invisible hit counter Education system in Finland - 10 Downing Nyc

The education system in Finland is considered to be the best education system in the world. This, of course, cannot be separated from the major role played by government and the research carried out over the years. Finland’s education system arouses the curiosity of the world community.


Finland is also the happiest country in the world. According to PISA data, Finland is the only country where students have high literacy skills and a long life expectancy. This is because Finland has a balanced life between school and daily activities. In Finland, students can also take part in various extracurricular activities.


The World Economic Forum website states that children in Finland learn how to be “kids” before going to formal schools. These children learn by playing together and practice processing emotions. It is claimed that this learning method in Finland can result in Finland having a very good education system.


The following are facts about the education system in Finland that have made it famous around the world:


  1. 9 years of compulsory education

The Finnish education system requires children to study for only 9 years. In this country, children start formal schooling at the age of 7. What about the education of children before the age of 7 in Finland? Before entering formal school, children are placed in daycare and kindergarten. The difference is in Indonesia, the cost of daycare in Finland is free or covered by the government. Although it’s free, it’s of very high quality. One of the indicators is that accompanying teachers must have at least a bachelor’s degree. They regard the pre-formal education period as an important basis for children. In addition, the curricula used are coordinated, so parents can be sure that their children receive the same education as in other kindergartens.


As many as 43% of high school students in Finland choose to study at vocational schools. On average, children in Finland can complete compulsory education at the age of 16. What should they do after that? they are free to continue learning as they wish. These students can take the national matriculation examination at the age of 16.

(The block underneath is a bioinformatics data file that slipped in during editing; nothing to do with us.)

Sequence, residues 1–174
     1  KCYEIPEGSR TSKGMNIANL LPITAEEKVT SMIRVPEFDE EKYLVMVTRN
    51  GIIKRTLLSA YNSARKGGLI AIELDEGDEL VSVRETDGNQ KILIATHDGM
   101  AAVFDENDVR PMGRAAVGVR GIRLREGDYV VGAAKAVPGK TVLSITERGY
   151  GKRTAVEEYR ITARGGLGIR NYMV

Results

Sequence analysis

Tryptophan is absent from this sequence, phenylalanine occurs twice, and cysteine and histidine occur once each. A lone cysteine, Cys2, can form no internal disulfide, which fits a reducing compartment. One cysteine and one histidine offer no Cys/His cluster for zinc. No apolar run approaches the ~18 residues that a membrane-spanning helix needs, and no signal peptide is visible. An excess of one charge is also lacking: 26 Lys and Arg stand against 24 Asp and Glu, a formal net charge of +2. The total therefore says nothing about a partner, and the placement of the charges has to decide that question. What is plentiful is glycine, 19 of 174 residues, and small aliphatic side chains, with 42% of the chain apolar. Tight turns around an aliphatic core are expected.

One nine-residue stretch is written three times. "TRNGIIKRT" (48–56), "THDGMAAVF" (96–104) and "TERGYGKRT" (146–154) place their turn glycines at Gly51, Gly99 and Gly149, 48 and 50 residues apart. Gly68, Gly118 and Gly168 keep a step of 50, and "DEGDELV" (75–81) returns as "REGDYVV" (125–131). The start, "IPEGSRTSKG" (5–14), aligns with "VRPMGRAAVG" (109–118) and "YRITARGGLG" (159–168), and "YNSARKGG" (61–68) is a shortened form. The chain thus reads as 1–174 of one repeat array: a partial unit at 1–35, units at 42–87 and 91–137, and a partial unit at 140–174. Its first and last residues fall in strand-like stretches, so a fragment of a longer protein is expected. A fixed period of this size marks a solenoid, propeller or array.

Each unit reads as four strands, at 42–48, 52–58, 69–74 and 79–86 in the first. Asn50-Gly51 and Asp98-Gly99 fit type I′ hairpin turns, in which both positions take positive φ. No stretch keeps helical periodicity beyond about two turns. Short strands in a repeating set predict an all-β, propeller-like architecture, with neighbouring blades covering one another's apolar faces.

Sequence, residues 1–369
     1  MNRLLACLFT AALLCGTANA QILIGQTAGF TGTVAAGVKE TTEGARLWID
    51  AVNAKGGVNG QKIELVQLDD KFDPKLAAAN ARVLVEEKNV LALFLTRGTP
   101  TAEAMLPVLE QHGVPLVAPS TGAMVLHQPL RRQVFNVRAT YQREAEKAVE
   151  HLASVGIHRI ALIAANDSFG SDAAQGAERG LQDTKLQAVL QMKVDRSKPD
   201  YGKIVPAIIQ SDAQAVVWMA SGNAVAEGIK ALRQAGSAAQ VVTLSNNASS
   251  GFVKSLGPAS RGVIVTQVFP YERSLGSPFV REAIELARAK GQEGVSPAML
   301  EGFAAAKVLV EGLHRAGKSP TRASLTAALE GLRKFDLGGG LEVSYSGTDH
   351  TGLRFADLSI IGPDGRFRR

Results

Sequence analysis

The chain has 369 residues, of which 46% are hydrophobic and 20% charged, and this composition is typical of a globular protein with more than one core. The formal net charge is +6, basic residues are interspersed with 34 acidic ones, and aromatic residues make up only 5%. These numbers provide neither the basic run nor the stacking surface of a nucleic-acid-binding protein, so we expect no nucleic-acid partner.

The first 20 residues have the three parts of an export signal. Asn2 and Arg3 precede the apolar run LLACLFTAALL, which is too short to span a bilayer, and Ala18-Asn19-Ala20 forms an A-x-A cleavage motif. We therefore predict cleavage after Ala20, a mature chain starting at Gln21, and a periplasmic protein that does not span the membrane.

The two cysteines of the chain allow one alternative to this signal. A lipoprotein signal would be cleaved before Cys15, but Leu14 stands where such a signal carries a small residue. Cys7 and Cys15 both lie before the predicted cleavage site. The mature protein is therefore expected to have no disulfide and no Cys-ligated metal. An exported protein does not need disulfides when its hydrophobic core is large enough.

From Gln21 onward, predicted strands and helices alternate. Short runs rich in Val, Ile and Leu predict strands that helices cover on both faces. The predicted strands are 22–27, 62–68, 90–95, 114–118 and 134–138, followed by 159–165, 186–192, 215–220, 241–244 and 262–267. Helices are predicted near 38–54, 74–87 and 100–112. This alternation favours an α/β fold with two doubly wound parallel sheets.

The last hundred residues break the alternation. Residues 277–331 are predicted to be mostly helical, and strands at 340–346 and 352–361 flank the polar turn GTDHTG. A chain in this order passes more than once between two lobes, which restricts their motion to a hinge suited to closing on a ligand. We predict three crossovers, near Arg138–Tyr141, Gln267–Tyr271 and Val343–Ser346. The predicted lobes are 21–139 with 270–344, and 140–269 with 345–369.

There are no private schools in this country with the best education system. Since all schools are government funded, there are generally no gaps between schools. There are no favorite schools here. The Finnish education system believes that the key to success is cooperation, not competition.


  1. Give enough playing time

One of the best ways to study in Finland is to give students plenty of breaks. Students are given 15 minutes of rest after every 45 minutes of study. In a day, students in Finland are given a 75-minute break. Surprisingly, with a method like this, students can actually excel and do better on assignments.


This policy is not implemented by the school itself but is regulated by law. Behind this is the deep conviction that a child must remain a child in its own time. They don’t have to outgrow their phase quickly and become memorization and tough trials. Study after study conducted on this shows that students who are allowed at least a 15-minute break or more between each grade change behave better in school and do better on assignments.


  1. Give a little homework

The school system in Finland does not require teachers to give students homework in large numbers. Parents and teachers think that the classes they encounter at school are quite dense. Students should not be burdened with mountains of tasks that tire them. They care more about children and can spend time with family doing activities that make them happy.


What distinguishes the educational curriculum in Finland from most other countries is that the curriculum in Finland is based on broad guidelines. Teachers have the freedom to determine learning styles and ideas that suit the needs and character of their students.


  1. Teachers are highly respected

The teaching profession in Finland is not underestimated. Teachers are highly respected in this country. This can be one of the main advantages of the Finnish education system. Teachers in Finland earn relatively high salaries compared to teacher salaries in other countries. Therefore, special qualifications are required to become a teacher. To become a teacher in Finland, you must have at least a master’s degree. These teachers also have to complete a qualification program to become a teacher.


  1. Education policy based on research results

When defining education policy, Finland takes the research results very much into account. Whereas education policies in other countries, in general, are often unable to solve educational problems, leaving many parents dissatisfied and thinking that certain policies are not right for their children.


In Finland, the research conducted mainly in the field of education is not directly related to political issues. The government will make educational policy decisions based only on research and its effectiveness in achieving educational goals. If the results of the study indicate that improvements are needed, the government will strongly support improvements in education.


The education system in Finland has advantages and disadvantages. But we cannot deny that the Finnish education system is recognized as the best education system in the world.


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